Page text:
LTO Oplan Isnabero: Taxi drivers refusing to take passengers are breaking the law

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If there’s anything that’s run rampant with taxis, it’s their drivers declining to take passengers. The LTO wants to crack down on such activities, and with Oplan Isnabero, they mean to catch such drivers right in the act. Being public utility vehicles, the “pakabila ang byahe ko [I’m traveling the opposite way]” or “malayo masyado, traffic [it’s too far and traffic]”  excuses are illegal and passengers must be taken, regardless.

LTO Oplan Isnabero nabs choosy taxi drivers in PITX

Lto Oplan Isnabero Inline 01 Min

Photo: LTO

Yesterday, LTO-NCR West conducted an operation in various areas of the Metro. Their mission: be on the lookout for, and apprehend taxi drivers who refuse to take passengers. At the Paranaque Integrated Terminal Exchange, five (5) drivers were caught and were subsequently issued citations.

Lto Oplan Isnabero Inline 02 Min

Photo: LTO

There is a legal basis for this Operation, of course. According to Joint Administrative Order No. 2014-01, “Refusal to render service to the public or convey passenger to destination” earns violators a fine from PHP 5,000 up to PHP 15,000, plus the cancellation of their Certificate of Public Conveyance or CPC.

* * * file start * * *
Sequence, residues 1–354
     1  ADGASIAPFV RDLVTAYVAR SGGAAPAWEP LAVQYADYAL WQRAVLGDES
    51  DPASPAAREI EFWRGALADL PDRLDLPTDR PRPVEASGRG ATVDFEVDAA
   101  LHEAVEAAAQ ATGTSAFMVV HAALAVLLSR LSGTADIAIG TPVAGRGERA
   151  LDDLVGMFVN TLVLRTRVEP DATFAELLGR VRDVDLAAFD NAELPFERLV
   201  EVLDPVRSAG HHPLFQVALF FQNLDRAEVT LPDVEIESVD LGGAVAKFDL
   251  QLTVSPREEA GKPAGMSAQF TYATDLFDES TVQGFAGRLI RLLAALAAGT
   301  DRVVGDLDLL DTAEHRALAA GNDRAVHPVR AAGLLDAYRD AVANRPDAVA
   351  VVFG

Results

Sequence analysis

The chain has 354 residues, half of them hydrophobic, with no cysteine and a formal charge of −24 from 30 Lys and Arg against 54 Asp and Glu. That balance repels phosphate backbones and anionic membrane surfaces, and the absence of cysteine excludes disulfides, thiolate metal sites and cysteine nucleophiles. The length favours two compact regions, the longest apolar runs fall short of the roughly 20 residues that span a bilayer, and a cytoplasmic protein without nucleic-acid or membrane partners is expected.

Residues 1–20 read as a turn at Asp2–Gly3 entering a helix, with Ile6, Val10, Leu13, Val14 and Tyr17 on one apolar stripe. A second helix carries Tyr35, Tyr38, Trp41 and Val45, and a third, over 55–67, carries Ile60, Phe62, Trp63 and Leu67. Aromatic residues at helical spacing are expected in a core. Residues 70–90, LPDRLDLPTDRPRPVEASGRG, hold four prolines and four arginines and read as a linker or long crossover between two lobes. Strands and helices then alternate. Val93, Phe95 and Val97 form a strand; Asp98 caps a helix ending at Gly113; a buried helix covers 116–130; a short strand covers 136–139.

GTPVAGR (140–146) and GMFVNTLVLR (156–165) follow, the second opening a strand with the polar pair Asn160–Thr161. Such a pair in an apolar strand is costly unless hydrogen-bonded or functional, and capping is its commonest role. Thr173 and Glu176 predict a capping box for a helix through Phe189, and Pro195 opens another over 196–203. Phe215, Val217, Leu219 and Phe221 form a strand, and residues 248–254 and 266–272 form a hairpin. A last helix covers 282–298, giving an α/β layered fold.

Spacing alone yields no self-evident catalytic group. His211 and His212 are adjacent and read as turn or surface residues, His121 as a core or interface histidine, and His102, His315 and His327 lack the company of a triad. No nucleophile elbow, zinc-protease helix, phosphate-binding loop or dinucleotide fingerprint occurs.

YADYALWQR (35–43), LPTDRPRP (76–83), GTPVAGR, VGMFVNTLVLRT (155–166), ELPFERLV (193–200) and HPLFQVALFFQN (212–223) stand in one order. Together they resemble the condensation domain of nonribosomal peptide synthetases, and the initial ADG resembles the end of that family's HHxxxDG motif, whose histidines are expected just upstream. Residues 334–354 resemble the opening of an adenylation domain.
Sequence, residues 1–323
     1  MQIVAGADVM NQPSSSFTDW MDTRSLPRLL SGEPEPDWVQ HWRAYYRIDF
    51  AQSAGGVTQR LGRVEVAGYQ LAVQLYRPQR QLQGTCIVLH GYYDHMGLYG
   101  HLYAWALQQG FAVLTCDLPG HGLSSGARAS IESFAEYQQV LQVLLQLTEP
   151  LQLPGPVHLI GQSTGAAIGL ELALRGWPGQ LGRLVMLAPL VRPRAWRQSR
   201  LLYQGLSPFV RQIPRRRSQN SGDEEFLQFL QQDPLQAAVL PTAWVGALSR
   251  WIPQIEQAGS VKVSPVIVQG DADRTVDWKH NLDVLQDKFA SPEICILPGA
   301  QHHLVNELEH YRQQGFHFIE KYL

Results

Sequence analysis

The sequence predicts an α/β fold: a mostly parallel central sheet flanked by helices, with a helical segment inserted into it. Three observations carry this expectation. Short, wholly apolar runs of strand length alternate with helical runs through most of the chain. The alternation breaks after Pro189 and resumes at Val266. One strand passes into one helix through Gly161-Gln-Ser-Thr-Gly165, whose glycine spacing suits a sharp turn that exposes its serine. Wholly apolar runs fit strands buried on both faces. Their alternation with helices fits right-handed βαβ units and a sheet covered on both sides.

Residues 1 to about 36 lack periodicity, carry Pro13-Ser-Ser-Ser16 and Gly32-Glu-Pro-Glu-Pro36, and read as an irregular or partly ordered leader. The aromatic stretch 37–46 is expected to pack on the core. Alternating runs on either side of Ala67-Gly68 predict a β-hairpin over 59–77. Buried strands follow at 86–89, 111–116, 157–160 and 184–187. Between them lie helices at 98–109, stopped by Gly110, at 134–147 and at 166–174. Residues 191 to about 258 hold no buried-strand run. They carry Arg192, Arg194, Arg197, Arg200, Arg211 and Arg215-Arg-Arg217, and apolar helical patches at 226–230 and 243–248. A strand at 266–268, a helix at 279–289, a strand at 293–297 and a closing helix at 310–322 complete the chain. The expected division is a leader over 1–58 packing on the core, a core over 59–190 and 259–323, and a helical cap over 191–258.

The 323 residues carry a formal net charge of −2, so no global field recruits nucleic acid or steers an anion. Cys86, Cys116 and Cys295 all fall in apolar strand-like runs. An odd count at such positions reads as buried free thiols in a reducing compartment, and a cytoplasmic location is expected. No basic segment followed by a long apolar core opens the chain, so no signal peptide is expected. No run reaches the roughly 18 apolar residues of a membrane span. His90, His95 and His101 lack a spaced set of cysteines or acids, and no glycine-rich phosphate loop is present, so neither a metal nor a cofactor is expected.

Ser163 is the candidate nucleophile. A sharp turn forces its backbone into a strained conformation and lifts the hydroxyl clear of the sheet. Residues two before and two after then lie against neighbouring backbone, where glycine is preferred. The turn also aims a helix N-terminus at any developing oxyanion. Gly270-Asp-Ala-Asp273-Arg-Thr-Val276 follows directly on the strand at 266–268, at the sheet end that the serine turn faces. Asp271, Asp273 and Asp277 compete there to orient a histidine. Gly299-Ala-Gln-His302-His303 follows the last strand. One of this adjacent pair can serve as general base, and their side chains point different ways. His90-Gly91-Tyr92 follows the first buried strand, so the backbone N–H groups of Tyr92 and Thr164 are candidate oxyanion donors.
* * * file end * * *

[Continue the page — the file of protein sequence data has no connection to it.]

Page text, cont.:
Lto Oplan Isnabero Inline 03 Min

Photo: LTO

The government agency has gone on to remind all taxi drivers that they must properly fulfill their responsibilities to their passengers. With more and more travelers and commuters needing whatever mode of public transportation they can get to get to and from their destinations, such actions will not be tolerated and those who might practice it should stop, lest suffer penalties if caught.

Yesterday was only the beginning, it seems. The agency also mentioned that they will continue carrying out Oplan Isnabero to ensure order and safety on the road. Despite being more expensive, some are just pushed to take taxis instead of more affordable options. It’s bad enough trying to find an empty cab, but it’s much worse when you’re brushed off to look for another one.

Do you think this will finally rid us of the dreaded isnabero drivers? Can the agency come up with a foolproof plan to catch those who willingly decline the needs of the many commuters and takers of public transportation? Will the drivers and their operators take heed of all the warnings and reminders that they will get penalized should they willingly break the law?

We certainly hope so.

Mikko Juangco
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